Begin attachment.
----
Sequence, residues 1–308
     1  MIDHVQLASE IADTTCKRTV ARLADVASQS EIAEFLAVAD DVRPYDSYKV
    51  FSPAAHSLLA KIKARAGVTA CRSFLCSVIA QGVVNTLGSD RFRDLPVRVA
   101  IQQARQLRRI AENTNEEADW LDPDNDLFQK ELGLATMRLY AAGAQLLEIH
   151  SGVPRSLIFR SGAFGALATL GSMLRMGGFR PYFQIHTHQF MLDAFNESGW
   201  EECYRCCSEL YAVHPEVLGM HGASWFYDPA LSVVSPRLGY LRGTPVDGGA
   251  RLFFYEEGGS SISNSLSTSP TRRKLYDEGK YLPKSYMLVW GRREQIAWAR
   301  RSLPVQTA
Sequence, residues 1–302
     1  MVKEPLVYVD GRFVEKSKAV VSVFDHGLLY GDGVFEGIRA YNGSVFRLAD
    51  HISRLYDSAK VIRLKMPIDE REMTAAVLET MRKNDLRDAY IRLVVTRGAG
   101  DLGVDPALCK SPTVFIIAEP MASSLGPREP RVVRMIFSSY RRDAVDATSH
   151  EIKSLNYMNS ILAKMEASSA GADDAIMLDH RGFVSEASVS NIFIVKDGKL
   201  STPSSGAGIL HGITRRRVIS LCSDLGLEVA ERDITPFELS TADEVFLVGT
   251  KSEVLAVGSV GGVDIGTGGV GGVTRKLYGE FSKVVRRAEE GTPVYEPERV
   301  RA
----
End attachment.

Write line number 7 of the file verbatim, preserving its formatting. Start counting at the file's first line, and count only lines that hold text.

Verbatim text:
   251  RLFFYEEGGS SISNSLSTSP TRRKLYDEGK YLPKSYMLVW GRREQIAWAR